The MSc Accounting and Finance programme is geared towards the development of business skills that encourage responsible leadership, internationalisation and professionalism, aiming to engage students in analysis, research and discussion of contemporary, real life issues. The teaching and learning strategy aims to embed these attributes. Face to face contact involves three hours of class contact per week: normally 2 lectures and 1 seminar. Lectures will be used to highlight the key issues in a specific topic and point the way towards relevant journal articles and other appropriate literature. Students will be then expected to prepare for following week's lectures on each topic by engaging in literature searches, undertaking relevant reading and preparing responses to discursive and where necessary, computational questions. The lectures will adopt a variety of teaching styles including seminar style contributions such as group discussion to enhance intellectual, critical and analytical skills. For more applied topics, students will be required to attempt relevant problem or scenario based questions prior to the lectures taking place, providing the basis for deepening professional skills, knowledge and understanding. Module classes are conducted in workshop format providing a mix of tutor led, student led and group learning. Extensive use is made of VLE to complement and support the face to face and independent learning elements of the module as well as enhancing the student learning experience and engagement. The V LE site used as a repository for resources including key readings such as scanned material, journal articles, book chapters, digital book chapters, web-links, embedded video clips but also for interactive forums such as discussion boards and blogs. The teaching and learning strategy includes 8 hours of practicals to complement the face to face delivery of the module and independent learning through such activities as specialist speakers, site visits related to project management and other academic community activities to enhance the learning experience such as an away-day to develop dissertation topics from within the distinct module areas. The module uses electronic media via GCU Learn including key readings such as scanned material, journal articles, book chapters, digital book chapters, web-links, embedded video clips. Email through GCU Learn is a central communication tool between staff and students.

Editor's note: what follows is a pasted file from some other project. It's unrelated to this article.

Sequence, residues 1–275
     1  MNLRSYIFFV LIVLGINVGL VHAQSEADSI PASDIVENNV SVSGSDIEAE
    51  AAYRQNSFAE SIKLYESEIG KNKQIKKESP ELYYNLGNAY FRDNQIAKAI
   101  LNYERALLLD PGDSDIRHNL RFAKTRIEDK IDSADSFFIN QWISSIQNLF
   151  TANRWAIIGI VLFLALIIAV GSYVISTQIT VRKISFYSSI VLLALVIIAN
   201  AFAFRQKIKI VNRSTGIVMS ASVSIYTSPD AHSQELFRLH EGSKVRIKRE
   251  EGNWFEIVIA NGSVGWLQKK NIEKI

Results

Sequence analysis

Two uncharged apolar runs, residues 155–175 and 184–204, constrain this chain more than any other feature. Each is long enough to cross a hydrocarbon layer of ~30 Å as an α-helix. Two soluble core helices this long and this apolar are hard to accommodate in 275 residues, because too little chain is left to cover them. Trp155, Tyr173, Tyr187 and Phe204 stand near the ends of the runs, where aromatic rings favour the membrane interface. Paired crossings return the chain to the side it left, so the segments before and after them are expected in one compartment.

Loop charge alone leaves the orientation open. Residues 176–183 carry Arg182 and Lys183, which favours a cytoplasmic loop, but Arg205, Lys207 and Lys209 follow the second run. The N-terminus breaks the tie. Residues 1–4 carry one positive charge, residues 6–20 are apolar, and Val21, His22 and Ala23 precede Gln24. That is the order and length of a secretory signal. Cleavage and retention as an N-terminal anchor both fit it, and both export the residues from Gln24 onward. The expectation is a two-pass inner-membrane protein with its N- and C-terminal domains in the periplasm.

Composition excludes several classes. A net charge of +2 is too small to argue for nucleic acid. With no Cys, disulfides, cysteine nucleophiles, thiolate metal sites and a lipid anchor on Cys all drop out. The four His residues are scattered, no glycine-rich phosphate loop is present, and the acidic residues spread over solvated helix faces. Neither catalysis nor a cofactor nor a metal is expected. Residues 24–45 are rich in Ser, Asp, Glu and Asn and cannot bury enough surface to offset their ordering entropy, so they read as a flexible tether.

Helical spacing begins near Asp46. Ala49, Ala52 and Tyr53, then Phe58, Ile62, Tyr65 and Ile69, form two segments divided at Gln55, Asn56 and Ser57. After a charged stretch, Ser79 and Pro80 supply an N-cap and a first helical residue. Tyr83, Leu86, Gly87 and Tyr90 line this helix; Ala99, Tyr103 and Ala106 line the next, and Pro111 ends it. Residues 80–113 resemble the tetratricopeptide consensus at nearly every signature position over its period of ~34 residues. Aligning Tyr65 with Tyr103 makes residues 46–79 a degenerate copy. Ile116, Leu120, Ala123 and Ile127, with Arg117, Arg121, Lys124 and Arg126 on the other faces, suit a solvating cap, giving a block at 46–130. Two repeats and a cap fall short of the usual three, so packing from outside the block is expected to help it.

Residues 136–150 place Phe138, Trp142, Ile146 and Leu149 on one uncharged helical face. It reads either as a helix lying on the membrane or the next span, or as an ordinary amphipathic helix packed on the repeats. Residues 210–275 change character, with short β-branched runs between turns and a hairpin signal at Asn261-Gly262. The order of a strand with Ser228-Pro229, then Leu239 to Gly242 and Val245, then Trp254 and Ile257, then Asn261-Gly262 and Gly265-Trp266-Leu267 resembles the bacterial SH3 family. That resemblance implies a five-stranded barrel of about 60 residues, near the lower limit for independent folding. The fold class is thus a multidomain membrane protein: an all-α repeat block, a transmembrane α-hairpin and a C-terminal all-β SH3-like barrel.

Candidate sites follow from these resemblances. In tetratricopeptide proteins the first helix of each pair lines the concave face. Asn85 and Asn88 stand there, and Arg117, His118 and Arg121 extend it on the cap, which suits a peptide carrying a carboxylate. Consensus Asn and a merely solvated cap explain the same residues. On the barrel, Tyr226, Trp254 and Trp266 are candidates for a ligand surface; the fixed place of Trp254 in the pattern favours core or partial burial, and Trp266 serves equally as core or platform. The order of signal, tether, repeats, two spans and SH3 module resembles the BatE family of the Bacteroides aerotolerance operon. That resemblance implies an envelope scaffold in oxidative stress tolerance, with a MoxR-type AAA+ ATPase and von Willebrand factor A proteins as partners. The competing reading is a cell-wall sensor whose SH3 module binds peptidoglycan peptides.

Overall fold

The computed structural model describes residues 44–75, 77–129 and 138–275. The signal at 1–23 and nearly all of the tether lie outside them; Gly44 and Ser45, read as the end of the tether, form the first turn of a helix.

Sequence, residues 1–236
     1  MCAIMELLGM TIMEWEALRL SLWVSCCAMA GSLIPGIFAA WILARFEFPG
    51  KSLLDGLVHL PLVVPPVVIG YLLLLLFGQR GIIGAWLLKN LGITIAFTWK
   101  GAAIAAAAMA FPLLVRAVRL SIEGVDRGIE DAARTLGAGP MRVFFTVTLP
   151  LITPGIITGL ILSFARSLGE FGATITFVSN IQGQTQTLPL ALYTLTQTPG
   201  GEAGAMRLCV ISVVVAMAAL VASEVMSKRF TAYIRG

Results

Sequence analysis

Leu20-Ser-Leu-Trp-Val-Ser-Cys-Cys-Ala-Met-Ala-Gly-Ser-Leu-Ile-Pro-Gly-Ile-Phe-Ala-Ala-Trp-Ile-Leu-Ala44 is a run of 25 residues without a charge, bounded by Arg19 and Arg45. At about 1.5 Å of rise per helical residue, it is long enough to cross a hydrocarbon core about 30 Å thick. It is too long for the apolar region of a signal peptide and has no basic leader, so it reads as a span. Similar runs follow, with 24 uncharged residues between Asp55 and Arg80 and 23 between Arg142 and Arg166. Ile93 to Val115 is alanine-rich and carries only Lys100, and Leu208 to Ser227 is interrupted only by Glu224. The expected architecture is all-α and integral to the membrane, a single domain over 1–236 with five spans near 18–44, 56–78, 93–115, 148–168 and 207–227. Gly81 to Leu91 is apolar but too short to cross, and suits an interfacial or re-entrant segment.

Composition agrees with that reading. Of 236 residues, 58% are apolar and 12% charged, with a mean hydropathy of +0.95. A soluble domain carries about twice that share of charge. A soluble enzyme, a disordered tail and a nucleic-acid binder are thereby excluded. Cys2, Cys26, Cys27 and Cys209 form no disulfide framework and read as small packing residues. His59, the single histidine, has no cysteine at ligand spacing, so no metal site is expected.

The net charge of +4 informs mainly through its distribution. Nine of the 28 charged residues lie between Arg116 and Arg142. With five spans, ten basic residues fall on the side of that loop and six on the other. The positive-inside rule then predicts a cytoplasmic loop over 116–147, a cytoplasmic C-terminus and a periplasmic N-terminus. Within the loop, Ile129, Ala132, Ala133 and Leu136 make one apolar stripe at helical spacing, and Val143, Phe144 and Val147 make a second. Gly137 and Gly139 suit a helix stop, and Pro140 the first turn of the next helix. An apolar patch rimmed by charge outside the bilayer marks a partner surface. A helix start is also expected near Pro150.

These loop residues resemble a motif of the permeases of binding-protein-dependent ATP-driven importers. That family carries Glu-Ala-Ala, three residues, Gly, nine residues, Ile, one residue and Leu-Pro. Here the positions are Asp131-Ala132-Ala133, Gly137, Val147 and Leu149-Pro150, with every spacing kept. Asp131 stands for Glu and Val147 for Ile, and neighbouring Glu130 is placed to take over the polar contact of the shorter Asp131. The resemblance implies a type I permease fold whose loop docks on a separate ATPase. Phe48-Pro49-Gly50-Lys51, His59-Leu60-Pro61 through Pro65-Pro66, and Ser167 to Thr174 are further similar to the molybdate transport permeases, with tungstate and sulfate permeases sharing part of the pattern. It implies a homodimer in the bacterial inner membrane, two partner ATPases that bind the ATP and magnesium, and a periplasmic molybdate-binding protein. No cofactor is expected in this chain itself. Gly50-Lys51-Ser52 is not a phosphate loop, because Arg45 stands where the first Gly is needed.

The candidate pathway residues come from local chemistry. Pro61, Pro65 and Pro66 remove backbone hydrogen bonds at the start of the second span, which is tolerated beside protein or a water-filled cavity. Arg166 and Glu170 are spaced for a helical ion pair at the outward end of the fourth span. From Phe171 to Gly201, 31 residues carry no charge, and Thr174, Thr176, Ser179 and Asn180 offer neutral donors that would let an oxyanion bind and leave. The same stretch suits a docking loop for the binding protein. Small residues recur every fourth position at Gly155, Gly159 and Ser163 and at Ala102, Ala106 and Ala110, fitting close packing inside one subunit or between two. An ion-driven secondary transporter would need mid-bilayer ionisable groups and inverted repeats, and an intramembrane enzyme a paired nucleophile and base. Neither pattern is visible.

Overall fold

Indicative Reading

Abdullah, D. and Chee, K. (2010) ' Islamic Finance: Why it makes sense '. Marshall Cavendish: Singapore. Kettell, Brian (2011) 'Introduction to Islamic Banking and Finance '(Wiley Finance Series), John Wiley & Sons, London. Hassan, Kabir & Kayed, Rasem (2013), 'Introduction to Islamic Banking & finance: Principles and Practice", Pearson Education, London. Schoon, Natalie (2010), 'Islamic Banking & Finance', Spiramus Press. Usmani, Mufti Muhammad Taqi (2000), 'Historic Judgement on Interest', Idaratul-Ma'arif, Karachi. Journals Islamic Banking and Finance Journal of Excellence in Islamic Banking and Finance Journal of Economic Behaviour and Organisation Review of Financial Economics International Journal of Islamic and Middle Eastern Finance and Management

Transferrable Skills

On successful completion of this module, the student should be able to: -359 1. Critical thinking and problem solving; 2. Cognitive/intellectual skills; 3. Ability to reflect. 4 Knowledge and understanding in the context of the subject; 5. Numerical skills. 6 . Time management (organising and planning work); 7. Independent working; 8. Planning, monitoring, reviewing and evaluating own learning and development; 9. Self-marketing/presentation skills; 10. Information retrieval skills; 11. Group working; 12. Desire to go on learning; 13. Research skills; 14. Communication skills: written, oral and listening; 15. IT skills

Module Structure

Activity Total Hours
Practicals (FT) 8.00
Lectures (FT) 24.00
Independent Learning (FT) 126.00
Assessment (FT) 30.00
Seminars (FT) 12.00

Assessment Methods

Component Duration Weighting Threshold Description
Exam (Exams Office) 2.00 60.00 45% Final examination. Minimum pass mark in each component 45%. Students must achieve a minimum aggregate of 50% to pass the module.
Coursework 1 n/a 40.00 45% Essay 2,000 words